I was on bedrest, lying on the couch. I had kissed hubby off to work, and my baby was kicking inside of me as I turned on the TV, which happened upon the WB channel. The screen showed a plane hitting the twin towers, and I thought, “What a stupid movie, that can’t happen in real life.” So, I switched stations. The same footage appeared on another channel, and another, and another…
We were on the West Coast. While we’d slept, the world had changed as we knew it, and we were waking up to the nightmare. Hope living inside me, in the form of a new life, while horror struck the nation.
We connected, because there was nothing else we could do, and we needed to hear our loved ones’ voices. As thousands that day would never hear again.
Phone calls to my sister, a few towns over. Updates from my husband in Silicon Valley. Word of my brother-in-law in San Francisco’s Union Square. Everyone told to go home. My dad in Iowa and mom in Arizona. Friends close by, and those scattered across the nation. We just needed to hear the voices. We needed to feel close.
My eyes viewed the terror on TV and my ear hurt from the phone pressed against it.
Flights were landing with people stranded everywhere. I told a friend whose sister had just been diverted to Omaha, have her get a rental car, now! They’re shutting down flights.
Unimaginable death and pain in NYC, PA, and DC. Shock waves rippled through the states.
On the West Coast, we thought we were next. Who’s going to get it–Philadelphia, Chicago, Dallas, Los Angeles, San Francisco…? I could hear planes overhead as they called them in to land. We didn’t know what was next, a dirty bomb? It was the unknown that kept us on edge. The military scrambled fighter jets. The future, as always, was uncertain but we jumped at every report.
And, later, silence.
People went home. I heard no hum from traffic on the freeway, no trains bringing commuters home from the city, and no planes overhead. It was eerily quiet.
That evening, the comforting words of our President, sitting in the Oval Office, speaking to the nation brought us calm and a reminder of our own resilience as a nation. We were raw, we were spent, and we were in disbelief. We grieved with those who had lost loved ones, whose lives were shattered, but somehow, we knew that as a nation, we’d prevail. We knew we were made of tougher stuff.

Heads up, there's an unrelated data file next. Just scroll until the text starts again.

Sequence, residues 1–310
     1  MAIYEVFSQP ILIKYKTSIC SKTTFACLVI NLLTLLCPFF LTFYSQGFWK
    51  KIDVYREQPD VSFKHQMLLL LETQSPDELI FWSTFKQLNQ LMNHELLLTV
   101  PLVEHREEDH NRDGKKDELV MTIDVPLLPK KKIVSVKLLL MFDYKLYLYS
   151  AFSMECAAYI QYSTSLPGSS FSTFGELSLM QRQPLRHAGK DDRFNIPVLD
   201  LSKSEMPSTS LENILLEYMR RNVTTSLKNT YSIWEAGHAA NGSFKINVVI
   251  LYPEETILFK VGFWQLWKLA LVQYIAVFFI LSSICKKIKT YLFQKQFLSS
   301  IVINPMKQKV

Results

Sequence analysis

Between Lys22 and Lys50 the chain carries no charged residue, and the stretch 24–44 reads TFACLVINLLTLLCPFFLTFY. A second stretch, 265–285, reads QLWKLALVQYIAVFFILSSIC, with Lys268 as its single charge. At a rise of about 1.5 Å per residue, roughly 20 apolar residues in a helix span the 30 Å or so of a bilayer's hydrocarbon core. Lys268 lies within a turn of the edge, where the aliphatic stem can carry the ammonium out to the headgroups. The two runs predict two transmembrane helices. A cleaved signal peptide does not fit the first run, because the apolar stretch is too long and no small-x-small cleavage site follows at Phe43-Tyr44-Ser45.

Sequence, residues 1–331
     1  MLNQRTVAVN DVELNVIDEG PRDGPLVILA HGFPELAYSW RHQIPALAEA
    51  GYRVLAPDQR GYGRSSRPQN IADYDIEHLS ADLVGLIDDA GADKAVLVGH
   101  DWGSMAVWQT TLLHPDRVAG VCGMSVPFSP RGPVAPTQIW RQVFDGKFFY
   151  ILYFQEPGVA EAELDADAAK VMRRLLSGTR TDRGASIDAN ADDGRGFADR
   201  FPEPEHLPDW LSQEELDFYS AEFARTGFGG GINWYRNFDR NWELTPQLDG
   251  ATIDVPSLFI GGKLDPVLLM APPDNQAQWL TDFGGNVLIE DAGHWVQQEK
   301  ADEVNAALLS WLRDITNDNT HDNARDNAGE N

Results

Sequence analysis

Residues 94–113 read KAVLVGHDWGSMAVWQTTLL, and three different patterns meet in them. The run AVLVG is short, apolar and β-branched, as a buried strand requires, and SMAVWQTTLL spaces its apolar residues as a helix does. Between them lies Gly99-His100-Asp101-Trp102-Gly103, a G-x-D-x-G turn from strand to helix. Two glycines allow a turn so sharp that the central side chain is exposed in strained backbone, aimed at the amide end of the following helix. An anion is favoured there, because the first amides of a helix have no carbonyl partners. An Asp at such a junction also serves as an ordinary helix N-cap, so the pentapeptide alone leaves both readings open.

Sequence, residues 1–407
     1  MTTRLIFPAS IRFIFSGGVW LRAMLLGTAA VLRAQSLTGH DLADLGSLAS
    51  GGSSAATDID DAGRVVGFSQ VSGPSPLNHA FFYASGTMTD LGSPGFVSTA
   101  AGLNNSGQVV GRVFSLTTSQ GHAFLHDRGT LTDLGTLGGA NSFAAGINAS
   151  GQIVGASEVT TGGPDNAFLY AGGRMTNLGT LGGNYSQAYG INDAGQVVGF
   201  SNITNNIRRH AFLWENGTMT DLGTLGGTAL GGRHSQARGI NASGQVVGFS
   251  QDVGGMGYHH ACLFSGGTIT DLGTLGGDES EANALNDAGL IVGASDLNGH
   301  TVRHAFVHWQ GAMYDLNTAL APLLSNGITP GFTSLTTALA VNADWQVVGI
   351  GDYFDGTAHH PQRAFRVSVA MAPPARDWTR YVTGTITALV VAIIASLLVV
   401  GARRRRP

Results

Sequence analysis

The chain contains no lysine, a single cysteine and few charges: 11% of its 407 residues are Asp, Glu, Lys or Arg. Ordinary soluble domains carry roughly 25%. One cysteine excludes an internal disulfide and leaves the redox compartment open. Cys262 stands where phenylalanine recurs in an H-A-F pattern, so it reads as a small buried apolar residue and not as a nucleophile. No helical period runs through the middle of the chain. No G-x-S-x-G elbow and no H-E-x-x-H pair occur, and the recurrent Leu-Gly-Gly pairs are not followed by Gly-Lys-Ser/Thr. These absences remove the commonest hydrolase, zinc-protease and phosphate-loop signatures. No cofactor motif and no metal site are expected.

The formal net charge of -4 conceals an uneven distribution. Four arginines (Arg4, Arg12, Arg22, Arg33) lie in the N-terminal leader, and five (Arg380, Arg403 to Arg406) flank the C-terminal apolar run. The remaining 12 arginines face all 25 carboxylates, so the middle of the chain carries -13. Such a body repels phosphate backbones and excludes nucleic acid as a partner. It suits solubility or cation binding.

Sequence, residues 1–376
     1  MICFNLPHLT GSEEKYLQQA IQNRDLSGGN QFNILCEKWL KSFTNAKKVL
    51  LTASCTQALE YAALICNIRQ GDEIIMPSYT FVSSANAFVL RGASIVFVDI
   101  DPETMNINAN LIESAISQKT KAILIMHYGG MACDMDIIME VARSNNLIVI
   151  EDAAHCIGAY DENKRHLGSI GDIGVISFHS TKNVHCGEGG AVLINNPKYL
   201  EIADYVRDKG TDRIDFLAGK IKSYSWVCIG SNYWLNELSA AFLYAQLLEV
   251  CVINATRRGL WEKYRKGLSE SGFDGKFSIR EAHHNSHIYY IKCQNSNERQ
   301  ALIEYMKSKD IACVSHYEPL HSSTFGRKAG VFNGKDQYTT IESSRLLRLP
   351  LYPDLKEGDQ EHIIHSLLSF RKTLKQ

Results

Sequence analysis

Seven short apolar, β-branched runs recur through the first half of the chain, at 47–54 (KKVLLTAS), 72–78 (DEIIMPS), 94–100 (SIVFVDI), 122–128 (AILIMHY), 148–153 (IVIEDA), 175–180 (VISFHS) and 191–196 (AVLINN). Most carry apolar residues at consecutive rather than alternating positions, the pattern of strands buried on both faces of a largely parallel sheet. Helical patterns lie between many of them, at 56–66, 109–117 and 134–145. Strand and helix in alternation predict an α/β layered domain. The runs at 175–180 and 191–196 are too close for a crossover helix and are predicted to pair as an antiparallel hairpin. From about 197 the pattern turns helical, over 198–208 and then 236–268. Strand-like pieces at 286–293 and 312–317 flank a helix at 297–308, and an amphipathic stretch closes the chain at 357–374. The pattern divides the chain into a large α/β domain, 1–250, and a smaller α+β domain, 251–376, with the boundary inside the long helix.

And, today? We’re softer. And, we’re angrier. And we’re divided into a thousand factions, like pieces of glass from a vase slipped onto a tile floor. No more vase. No more unity.
I think of those flag-lined streets and I grieve for a time when having pride in American principles was a good thing. I grieve for a people who hugged others more tightly that day; who spoke to their neighbors more willingly; who didn’t take your prayers as a slam against their atheism and let you pray.
I yearn for a people who didn’t barricade themselves inside social media prisons and feed on trumped up anger and resentment toward others. I ache for people who didn’t decimate the honor of strangers in 40-characters-or-less under the guise of activism and righteousness. I long for a people who fact-checked and didn’t propagate lies or half-truths for their own benefit. I miss a people who didn’t easily jump on board with hit-pieces designed to inflict pain and suffering on others.
And, while I see the fury boiling over today, in the streets and in our cyber communities, and I see the gasoline people pour on the hate, I pray for people to stop. To lay down their bricks and keyboards of destruction. To seek out peace not war. To build bridges, not sow dissent, and to find common ground…to harvest love and forgiveness.
And, I think of those flags, waving proudly in the front of houses down my street in San Jose, California, and I wonder what happened to us as a nation? How did we go from the phoenix rising from the ashes of the World Trade Center and communing with our neighbors, to calling our neighbors horrific names using abhorrent language?
Jesus said, “Love your neighbor as yourself.” And, I think, people must hate themselves in the way they treat others.
But, I hold out hope. There is always hope.
Seven days after 9/11, my hope was born. She came pink and screaming into the world. And, maybe that’s how we’ll find our way back to each other: through the babies’ cries and hope for their futures.
And, while my baby turns 19 years old this year, I still have hope inside me.
“’For I know the plans I have for you,’ declares the Lord, ‘plans to prosper you and not to harm you, plans to give you hope and a future.’” ~ Jeremiah 29:11 (NIV)